Tuesday union members protested outside the Amazon-owned Whole Foods in downtown Minneapolis Tuesday afternoon demanding Amazon drop contracts with Immigrant and Customs Enforcement (ICE) and data-mining corporation Palantir. 

During a short program outside of the store, speakers from Immigrant Worker Solidarity shared the harm being caused by our current immigration policies, made worse by Amazon’s technology. 

Immigrant Worker Solidarity (IWS), is a new group of Minnesota workers supporting immigrants inside and outside the labor movement.

“As a union that includes members from many backgrounds, we know that the current system of tearing families apart is terrible and needs to be fixed. The fact that Amazon is not only supporting this system but making profits off the misery of so many families is wrong,” said Sheigh Freeberg, Secretary-Treasurer of the MN Hospitality Workers’ union, UNITE-HERE Local 17. “It is time for Amazon to cut ties with ICE and Palantir.” 

The Intercept reported in 2017 that Palantir developed an intelligence system called Investigative Case Management (ICM) for Immigration and Customs Enforcement. 

“ICM funding documents analyzed by The Intercept make clear that the system is far from a passive administrator of ICE’s case flow. ICM allows ICE agents to access a vast “ecosystem” of data to facilitate immigration officials in both discovering targets and then creating and administering cases against them. The system provides its users access to intelligence platforms maintained by the Drug Enforcement Administration, the Bureau of Alcohol, Tobacco, Firearms and Explosives, the Federal Bureau of Investigation, and an array of other federal and private law enforcement entities. It can provide ICE agents access to information on a subject’s schooling, family relationships, employment information, phone records, immigration history, foreign exchange program status, personal connections, biometric traits, criminal records, and home and work addresses.”

Documents released earlier this year specifically mentioned that Palantir software was used to place information about the arrival of unaccompanied minors at the border into ICM.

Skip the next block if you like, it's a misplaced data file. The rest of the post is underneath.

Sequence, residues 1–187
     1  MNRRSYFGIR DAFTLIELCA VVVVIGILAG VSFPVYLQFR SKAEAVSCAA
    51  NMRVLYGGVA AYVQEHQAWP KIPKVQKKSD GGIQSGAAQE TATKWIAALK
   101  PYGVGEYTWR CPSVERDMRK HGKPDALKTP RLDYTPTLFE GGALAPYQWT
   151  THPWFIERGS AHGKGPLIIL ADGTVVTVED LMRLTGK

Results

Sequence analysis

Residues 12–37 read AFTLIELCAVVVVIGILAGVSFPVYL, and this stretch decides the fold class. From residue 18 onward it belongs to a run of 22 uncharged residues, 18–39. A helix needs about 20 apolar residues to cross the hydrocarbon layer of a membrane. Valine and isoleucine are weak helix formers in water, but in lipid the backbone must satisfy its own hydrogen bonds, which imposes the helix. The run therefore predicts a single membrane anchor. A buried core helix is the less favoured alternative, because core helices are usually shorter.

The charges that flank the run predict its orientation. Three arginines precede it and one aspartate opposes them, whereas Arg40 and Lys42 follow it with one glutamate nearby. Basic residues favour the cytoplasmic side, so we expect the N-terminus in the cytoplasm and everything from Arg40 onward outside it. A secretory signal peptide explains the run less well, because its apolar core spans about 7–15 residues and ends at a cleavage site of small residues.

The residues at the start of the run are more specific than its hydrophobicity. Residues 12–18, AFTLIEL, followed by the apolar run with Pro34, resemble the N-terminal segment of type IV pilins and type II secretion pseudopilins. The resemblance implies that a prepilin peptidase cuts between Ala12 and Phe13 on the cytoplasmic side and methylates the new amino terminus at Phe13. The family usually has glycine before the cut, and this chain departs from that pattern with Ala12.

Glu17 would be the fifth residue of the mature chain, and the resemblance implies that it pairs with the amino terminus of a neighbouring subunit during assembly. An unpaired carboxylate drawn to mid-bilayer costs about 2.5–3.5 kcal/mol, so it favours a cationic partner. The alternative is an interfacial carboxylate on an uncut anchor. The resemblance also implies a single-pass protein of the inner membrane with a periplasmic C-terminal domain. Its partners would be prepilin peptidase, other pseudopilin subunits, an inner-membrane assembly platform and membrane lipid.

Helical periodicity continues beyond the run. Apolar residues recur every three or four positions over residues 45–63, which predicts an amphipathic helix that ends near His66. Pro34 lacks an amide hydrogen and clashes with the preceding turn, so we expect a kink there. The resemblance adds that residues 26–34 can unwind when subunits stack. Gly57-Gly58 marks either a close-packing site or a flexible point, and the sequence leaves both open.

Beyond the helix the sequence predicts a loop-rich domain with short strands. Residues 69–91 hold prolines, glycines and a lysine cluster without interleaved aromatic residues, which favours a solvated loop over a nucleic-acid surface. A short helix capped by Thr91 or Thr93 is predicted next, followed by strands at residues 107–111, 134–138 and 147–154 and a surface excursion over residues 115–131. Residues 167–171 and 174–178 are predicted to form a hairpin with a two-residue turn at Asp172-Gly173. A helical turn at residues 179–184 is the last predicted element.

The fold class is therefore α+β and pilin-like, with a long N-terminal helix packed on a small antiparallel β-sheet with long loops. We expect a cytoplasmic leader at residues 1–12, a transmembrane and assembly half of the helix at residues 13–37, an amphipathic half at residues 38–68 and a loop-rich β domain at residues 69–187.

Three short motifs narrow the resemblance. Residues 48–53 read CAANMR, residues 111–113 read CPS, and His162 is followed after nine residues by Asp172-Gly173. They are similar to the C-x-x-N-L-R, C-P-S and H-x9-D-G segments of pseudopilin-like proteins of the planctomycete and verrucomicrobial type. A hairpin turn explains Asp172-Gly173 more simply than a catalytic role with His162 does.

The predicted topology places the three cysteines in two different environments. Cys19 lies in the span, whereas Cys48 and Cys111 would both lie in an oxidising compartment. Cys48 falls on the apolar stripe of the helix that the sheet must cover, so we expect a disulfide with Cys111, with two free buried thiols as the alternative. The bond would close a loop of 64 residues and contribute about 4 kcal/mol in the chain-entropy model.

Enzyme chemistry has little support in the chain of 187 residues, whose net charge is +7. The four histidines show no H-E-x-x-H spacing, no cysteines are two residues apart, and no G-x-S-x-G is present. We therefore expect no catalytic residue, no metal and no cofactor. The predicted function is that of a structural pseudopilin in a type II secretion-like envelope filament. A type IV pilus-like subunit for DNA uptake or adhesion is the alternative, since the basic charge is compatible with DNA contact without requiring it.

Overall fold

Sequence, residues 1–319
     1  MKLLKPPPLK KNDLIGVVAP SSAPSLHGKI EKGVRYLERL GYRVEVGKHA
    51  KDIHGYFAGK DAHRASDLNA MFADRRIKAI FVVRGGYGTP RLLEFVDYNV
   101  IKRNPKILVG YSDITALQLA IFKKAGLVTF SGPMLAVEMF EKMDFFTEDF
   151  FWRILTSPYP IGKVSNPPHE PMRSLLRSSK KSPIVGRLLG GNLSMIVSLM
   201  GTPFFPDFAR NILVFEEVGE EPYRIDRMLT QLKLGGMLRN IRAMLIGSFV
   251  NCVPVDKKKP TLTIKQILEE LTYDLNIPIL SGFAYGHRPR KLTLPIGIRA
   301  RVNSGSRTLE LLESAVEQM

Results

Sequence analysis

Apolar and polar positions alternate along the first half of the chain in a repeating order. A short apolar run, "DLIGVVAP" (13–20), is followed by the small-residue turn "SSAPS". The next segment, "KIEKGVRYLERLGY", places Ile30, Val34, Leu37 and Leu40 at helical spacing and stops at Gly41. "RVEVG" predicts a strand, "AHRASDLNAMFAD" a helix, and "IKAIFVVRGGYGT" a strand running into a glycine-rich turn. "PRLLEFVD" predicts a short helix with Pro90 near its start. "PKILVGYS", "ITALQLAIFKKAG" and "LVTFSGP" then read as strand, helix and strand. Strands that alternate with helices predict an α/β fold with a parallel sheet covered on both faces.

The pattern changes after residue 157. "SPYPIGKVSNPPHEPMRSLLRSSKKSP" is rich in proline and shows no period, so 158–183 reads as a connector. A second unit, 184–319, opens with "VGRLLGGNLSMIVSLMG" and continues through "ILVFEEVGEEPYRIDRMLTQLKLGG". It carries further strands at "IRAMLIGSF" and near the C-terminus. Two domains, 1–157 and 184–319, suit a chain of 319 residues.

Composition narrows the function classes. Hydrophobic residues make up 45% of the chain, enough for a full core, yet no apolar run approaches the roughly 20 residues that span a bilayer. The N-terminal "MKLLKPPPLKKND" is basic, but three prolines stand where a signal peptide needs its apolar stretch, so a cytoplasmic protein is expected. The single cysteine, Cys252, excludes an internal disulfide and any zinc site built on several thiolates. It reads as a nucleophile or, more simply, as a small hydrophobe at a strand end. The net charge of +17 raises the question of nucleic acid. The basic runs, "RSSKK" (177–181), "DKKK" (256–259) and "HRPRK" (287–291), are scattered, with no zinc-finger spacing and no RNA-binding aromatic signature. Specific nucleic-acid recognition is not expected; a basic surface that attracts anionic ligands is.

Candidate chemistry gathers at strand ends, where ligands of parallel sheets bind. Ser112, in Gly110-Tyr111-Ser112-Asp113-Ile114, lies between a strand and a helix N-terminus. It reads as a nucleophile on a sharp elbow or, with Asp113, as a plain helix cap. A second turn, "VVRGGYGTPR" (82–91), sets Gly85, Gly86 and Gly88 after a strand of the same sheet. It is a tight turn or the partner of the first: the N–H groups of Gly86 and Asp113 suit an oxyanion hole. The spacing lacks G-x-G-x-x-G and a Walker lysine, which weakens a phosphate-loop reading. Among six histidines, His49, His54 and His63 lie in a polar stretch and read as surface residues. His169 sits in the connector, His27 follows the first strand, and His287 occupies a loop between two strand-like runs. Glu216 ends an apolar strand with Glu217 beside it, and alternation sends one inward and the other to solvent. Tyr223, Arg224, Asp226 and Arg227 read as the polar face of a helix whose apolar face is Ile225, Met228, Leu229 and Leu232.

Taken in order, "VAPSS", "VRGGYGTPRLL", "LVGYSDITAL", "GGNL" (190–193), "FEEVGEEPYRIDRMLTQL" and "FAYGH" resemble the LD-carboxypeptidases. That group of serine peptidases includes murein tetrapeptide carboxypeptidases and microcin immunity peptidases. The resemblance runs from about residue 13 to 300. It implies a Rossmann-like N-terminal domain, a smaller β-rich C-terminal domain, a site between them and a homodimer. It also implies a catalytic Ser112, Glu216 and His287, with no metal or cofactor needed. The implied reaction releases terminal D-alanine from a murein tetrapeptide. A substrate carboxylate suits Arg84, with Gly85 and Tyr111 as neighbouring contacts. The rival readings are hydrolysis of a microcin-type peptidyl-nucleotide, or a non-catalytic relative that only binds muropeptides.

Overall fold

Palantir was, founded by billionaire Peter Thiel, one of President Trump’s most vocal supporters in Silicon Valley. Palantir received backing from the venture capital arm of the Central Intelligence Agency.

In the past Immigrant rights advocacy organization Mijente has called on Amazon to stop offering hosting servers to Palantir. Amazon hosts a variety of data on their servers used in the identification, targeting, and deportation of immigrants. They’ve also sold their facial recognition software to law enforcement and the government.  

Mijente’s June 2019 report, Who’s Behind ICE?, explains the vast web of services tied to ICE

Amazon isn’t the only tech company doing this, but it has the largest role. Through intense lobbying of policymakers and law enforcement officials, Amazon and Palantir have secured a role as the backbone for the federal government’s immigration and law enforcement dragnet.

Joining the protest were educators who have recently begun the new school year and have seen firsthand the damage caused by our inhumane immigration system.

“We see students every day who are traumatized by our inhumane immigration system. We should be nurturing and supporting every single child. But right now because of our federal government and corporations like Amazon, families are being torn apart,” said Jill Jacobson, a teacher, member of MFT 59 and Minnesota Educators Against ICE. “The studies are clear in highlighting the damage done to kids when they face traumatic situations like the ones Amazon are helping to facilitate. I’m here today to say enough is enough and demand Amazon cut ties with ICE.”

This protest joins others around the country in recent weeks, including Boston and New York. Protestors said they were inspired by Amazon tech workers and Whole Foods employees who repeatedly called on Amazon to cut ties with ICE.

“Minnesotans know that immigrant rights are worker rights and worker rights are human rights,” said David Gilbert-Pederson. “I’m proud that so many union workers stood together today to call out corporate greed and our broken immigration policies. We’re tired of a small group of corporations and executives trying to divide us and keep more for themselves.”

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